First, we marched. Now, are you ready to run? Print this 11 x 14 image of  The United Faces of America for Women’s March 2018  and print it off your printer. Take it to the streets and claim Justice and Equality for All ! Please spread the word. Thank you!

Aditi Raychoudhury. The United Faces of America (Color). 2017.
Aditi Raychoudhury. The United Faces of America (Color). 2017.

 

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Don’t let the President Steal Our Land

Aditi Raychoudhury. Yes on Trees (for Vote the Environment Campaign for Patagonia). 2014. Adobe Illustrator.
Aditi Raychoudhury. Yes on Trees (for Vote the Environment Campaign for Patagonia). 2014. Adobe Illustrator.
Aditi Raychoudhury. Yes on Trees (for Vote the Environment Campaign for Patagonia). 2014. Adobe Illustrator.

Dec 12, 2015: 196 nations agreed to respond to climate change by keeping a global temperature rise this century well below 2 degrees Celsius above pre-industrial levels and to pursue efforts to limit the temperature increase even further to 1.5 degrees Celsius.

Jun 1, 2015: President Trump pulls out of Paris agreement

Dec 4, 2017: President Trump reduces the size of two national monuments in Utah by some two million acres, the largest rollback of federal land protection in the nation’s history. Patagonia’s headline the morning after reads “The President Stole Your Land”.

YOU.CAN.STOP.ENVIRONMENTAL.THIEVES by purchasing my poster “Yes on Trees” created for Patagonia’s Vote the Environment campaign in conjunction with Creative Action Network and  The Canary Project .

30% of profits from sales will go towards supporting the project, 30% to HeadCount, a non-partisan organization that uses the power of music to register voters and promote participation in democracy, and 40% to me.

Buy a poster, spread the word, and take the planet to the voting booth in 2018!

52 Years Ago

On Nov 19, 1965 two strangers got married, yet it is the best marriage I know of. Those strangers also gave birth to me, my brother and my sister. They, at the very least, showed us how to love. I miss my parents and their wisdom everyday. More on their marriage at “An Arranged Marriage, a Lifetime of Love”.

Aditi Raychoudhury. My newly married parents. 2017. Watercolors.
Aditi Raychoudhury. My newly married parents. 2017. Watercolors.

 

One for Inktober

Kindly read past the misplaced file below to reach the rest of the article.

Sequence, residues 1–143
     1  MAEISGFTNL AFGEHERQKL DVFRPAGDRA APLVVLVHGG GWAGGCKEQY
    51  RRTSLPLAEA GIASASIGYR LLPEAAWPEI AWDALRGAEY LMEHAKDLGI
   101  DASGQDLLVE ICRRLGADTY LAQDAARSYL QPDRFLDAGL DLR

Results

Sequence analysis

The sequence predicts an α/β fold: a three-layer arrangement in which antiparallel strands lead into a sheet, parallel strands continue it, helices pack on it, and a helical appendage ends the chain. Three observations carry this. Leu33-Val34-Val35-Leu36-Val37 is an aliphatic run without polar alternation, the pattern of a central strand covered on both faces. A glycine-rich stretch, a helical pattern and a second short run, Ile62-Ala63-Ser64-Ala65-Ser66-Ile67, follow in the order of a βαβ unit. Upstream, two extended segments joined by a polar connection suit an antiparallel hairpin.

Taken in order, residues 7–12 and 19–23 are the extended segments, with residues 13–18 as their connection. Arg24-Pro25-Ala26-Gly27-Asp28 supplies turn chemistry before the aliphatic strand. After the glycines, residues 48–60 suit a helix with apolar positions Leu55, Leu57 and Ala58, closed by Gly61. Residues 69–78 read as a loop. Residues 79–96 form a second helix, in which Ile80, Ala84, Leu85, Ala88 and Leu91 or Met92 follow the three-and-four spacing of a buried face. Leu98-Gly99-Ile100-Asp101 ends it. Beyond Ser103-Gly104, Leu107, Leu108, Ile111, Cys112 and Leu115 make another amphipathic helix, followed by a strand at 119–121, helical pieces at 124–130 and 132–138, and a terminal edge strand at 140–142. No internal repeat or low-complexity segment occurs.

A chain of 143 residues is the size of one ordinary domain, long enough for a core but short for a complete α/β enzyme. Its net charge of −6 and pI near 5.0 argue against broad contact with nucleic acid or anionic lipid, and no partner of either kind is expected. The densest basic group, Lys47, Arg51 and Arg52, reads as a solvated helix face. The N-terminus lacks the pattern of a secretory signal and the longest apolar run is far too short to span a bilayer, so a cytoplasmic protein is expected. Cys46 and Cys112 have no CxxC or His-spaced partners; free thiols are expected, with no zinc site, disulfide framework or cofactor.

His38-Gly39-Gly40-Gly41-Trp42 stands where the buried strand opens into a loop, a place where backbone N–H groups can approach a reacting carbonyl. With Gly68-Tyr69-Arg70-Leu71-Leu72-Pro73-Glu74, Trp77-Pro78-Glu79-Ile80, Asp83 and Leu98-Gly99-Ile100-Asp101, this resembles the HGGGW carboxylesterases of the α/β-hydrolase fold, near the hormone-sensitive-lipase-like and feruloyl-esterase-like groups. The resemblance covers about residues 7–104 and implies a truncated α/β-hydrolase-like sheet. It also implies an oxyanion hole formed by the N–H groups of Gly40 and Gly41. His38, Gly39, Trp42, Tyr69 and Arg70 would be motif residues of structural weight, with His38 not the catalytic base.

Aditi Raychoudhury. Poster for SPICMACAY, Rajan and Sajan Misra. 1990. Pen and Ink
Aditi Raychoudhury. Poster for SPICMACAY, Rajan and Sajan Misra. 1990. Pen and Ink
Aditi Raychoudhury. Poster for SPICMACAY, Rajan and Sajan Misra. 1990. Pen and Ink

Before October is all but gone, here is one for #inktober – even though it is from 27 years ago! I had just started architecture school and quickly got involved with anything that needed an illustration. #SPICMACAY (Society for the Promotion of Indian Classical Music And Culture Amongst Youth), was one such organization founded by #PadmaShri Dr. #KiranSeth. I ended up making a lot of posters for them – they all had to be exceuted quickly in black and white for quick reproduction and dissemination. Here is one I did for a musical night by #RajanMishra and #SajanMishra. Rajan and Sajan Mishra are part of a 300-year-old lineage of #khyal singing of the #Banarasgharana

Shubho Bijoya

Aditi Raychoudhury. Snagging a Mango. Watercolors and Gouche on BFK Rives. 2017.
Aditi Raychoudhury. Snagging a Mango. Watercolors and Gouche on BFK Rives. 2017.
Aditi Raychoudhury. Crazy Rickshaw Ride. Watercolors and Gouche on BFK Rives. 2017.
Aditi Raychoudhury. Crazy Rickshaw Ride. Pencil on Tracing Paper. 2017.
Aditi Raychoudhury. Crazy Rickshaw Ride. Pencil on Tracing Paper. 2017.

Maa has returned to her heavenly abode, as did mine, almost 20 years ago.

When we were little, the joy of pujo lay in waking up at the crack of dawn to Birendro Kishore Bhodro’s rendition of Mohaloya broadcast over All India Radio. It lay in the anticipation of more than a week off from school, wearing new clothes, eating bhog, and most of all meeting friends and family.

After I had moved to Delhi, pujo was a time to be with my parents, who had moved to Kolkata by then. Kolkata was a big change from the small town I had grown up in. The pandals of Raurkela were neither as creative as Kolkata, nor were they as crowded. The madness that grips Kolkata during pujo is not something anyone outside of Kolkata can understand or imagine.

This night was pujo’s biggest night – Ashtami. After offering our morning Anjali in the paaraar pandal, we decided not to venture out in the evening.

“Knock, knock, knock!!!” It was Monoronjon, our local rickshaw puller.

Those who are familiar with Kolkata, know that rickshaw pullers are our solution to getting to various modes of an otherwise efficient public transit system. Within every few blocks is a “rickshaw stand” marked only by a huddle of rickshaws. If you live in that neighborhood, you start using the same rickshaw puller to take you places, or to run errands. In our case, that man was Monoronjon.

“Ki Boudi, pujo dekhbeyn naa?” (Brother’s wife, don’t you want to go and see pujo?)
“Naa, eyi bheedeyr moddhey aar beyrotey bhaal laagey naa.” (No, its too crowded to be enjoyable)
“Sheyki??? Oshtomir din, protimaa dekhtey jaabeyn naa. Ey ki kothaa? Cholun. Aajkey keyu baadi boshey neyi. Cholteyi hobey.” (How can that be? Its Ashtami, Pujo’s big night. How can you not want to see Mother Goddess. No one stays home on Ashtami. I will take you through the backlanes. You have to come.)

And, so we did. Through the narrow back lanes of Selimpur to all the pujos in Jodhpur Park, Jadavpur park and even as far as Santoshpur. My sister and I hung on to our mother for dear life as Monoronjon expertly swerved his way through the winding streets and impenetrable crowds. A good three hours later – we were home.

“Eyyi jey, Monoronjon. Eyto ghoraaley. Koto holo?”(you took us around quite a bit. How much?)
“Sheyki baudi? Pujor din. Aami aapnedeyr ghora tey niyey gaychhi. Aapni to amaakey daakeyn ni.” (How can you even ask me that? Its pujo. I asked you to come with me. You didn’t ask me to take you.)
And with that, Monoronjon, our illiterate, dirt-poor rickshaw puller reminded us that pujo is so much more than new clothes, food or commerce. It is about sharing joy.